So throughout the spring Annika's class heard more about Preston, got to talk to him when he came to lunch, and they made good luck cards for the team as TCU had a great season and won the Big 12 regular season title outright. Everything was looking GREAT for TCU baseball. And then the wheels came off. They went 0-2 in the Big 12 tournament and had to battle back through the losers bracket to win their own regional to get to play Texas A&M in a "Super Regional" (a best of three series) to go back to the College World Series in Omaha.

Saturday afternoon TCU's bats were on fire and won the first game of the series in a romp. This set up Sunday afternoon as the chance for them to close out the series and go on to Omaha. Record crowds of more than 7,000 (Lupton Stadium's official capacity is about 5,500) would be on hand. Preston would be pitching. I told the congregation at worship Sunday morning that it was a lock. TCU was heading back to Omaha.

Preston pitched a great game against a strong hitting A&M team. Annika watched the game on television with Kendra and was so excited to see Preston on the mound. She would hide her eyes every time he went into the wind-up and listen to hear the crowd to know if something good or bad had happened. Lots of good happened. He gave up one run, pitched 9.1 innings (for you scoring at home that means he pitched the first part of the 10th inning as well) but the Frogs bats were quiet and they lost 2-1 in 10.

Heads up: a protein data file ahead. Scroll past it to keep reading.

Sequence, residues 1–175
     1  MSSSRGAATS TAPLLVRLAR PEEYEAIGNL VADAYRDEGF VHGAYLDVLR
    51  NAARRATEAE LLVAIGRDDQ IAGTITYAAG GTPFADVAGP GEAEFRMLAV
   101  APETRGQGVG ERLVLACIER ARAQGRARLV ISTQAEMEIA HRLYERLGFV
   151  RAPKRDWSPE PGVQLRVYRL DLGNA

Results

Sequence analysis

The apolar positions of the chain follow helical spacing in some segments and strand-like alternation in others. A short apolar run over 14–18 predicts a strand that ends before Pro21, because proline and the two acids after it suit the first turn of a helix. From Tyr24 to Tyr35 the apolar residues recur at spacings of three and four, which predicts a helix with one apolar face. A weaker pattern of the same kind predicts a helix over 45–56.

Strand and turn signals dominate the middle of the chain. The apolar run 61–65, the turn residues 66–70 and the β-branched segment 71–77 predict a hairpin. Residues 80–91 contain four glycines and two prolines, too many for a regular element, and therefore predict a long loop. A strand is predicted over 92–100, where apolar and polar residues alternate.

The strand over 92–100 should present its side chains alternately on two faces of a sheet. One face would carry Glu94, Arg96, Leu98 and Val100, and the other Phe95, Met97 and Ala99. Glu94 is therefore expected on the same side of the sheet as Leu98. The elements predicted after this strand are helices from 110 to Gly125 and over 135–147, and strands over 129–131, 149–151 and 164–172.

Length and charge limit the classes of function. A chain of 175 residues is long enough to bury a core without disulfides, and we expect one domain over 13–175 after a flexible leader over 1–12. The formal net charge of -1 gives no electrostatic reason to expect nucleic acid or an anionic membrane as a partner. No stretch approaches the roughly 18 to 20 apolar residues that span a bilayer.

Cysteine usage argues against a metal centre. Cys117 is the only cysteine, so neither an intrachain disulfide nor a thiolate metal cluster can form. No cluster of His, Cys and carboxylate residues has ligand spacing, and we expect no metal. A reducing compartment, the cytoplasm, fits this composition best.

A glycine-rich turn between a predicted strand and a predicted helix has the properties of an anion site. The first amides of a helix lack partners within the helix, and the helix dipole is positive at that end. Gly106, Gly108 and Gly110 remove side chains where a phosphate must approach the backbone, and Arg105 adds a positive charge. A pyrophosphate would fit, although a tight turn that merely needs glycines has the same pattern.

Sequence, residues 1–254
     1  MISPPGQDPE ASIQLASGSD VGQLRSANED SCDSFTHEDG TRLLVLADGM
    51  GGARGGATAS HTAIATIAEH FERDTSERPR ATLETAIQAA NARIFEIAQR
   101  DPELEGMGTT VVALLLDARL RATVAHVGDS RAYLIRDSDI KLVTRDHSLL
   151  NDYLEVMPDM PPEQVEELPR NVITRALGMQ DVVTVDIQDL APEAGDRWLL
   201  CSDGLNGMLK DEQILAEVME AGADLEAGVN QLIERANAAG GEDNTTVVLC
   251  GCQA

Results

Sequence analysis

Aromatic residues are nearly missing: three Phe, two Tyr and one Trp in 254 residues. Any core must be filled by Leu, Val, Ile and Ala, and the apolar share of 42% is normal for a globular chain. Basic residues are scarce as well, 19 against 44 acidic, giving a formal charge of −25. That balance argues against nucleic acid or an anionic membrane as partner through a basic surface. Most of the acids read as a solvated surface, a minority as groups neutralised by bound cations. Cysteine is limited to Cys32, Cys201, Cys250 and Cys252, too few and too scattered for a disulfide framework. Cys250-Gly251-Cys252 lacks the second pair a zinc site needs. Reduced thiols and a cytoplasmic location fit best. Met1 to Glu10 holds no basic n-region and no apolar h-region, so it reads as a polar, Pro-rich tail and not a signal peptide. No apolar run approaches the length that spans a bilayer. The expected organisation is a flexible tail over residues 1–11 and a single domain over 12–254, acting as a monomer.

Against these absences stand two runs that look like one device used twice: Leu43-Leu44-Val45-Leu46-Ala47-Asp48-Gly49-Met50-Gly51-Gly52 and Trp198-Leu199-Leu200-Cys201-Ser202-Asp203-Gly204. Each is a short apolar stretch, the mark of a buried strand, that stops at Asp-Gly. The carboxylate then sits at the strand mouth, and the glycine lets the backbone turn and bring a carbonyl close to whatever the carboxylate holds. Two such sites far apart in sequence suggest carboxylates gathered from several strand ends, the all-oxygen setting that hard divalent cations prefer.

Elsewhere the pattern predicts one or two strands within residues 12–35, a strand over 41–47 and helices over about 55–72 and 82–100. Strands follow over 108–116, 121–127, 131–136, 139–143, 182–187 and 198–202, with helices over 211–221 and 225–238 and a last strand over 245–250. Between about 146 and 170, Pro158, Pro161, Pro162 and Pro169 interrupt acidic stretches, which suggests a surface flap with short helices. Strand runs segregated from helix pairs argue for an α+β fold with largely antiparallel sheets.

As a former athlete I know how devastating those kinds of losses are. To play well and yet lose is frustrating and can gnaw at you for weeks, even years. Yet the next day, the last day of school, I came to Annika's classroom to get a picture of her and her teacher and guess who was there, Preston. He was helping Kristen clean out her classroom. Throwing away papers, getting pictures and signs off the wall, and ultimately sitting in little chairs and having pizza with 7 year olds at their end of year party. His team had another game to play that night but because he had pitched the day before there was nothing physically he could do to support them. So he ate pizza with a classroom of kids who had come to know him and didn't care if he won, they just liked Preston being around.

Later that night (well technically early Tuesday morning) the Frogs did clinch their trip to Omaha after 16 innings. Preston of course didn't pitch. But he was there on the bench. Rooting on his team, wearing the rally cap to end all rally caps. When I showed Annika a picture of him with 15+ "rally caps" on his head the next day she just giggled and said in a silly voice "Preston!"

When we moved to Fort Worth I wanted to get a home close to the University. I grew up close to the University of Texas so I know the fun, energy, and opportunities that being in proximity to a college can bring. Sure there are downsides but overall it is these connections I value. To have my daughter witness first hand examples of young people who are successful in athletics and academics. To know them not just as posters on a wall or images on a TV but as people.

So thanks Westcliff Elementary for a great first grade year. And thanks Kristen and Preston for giving my daughter and my family one more reason to say "Go Frogs!"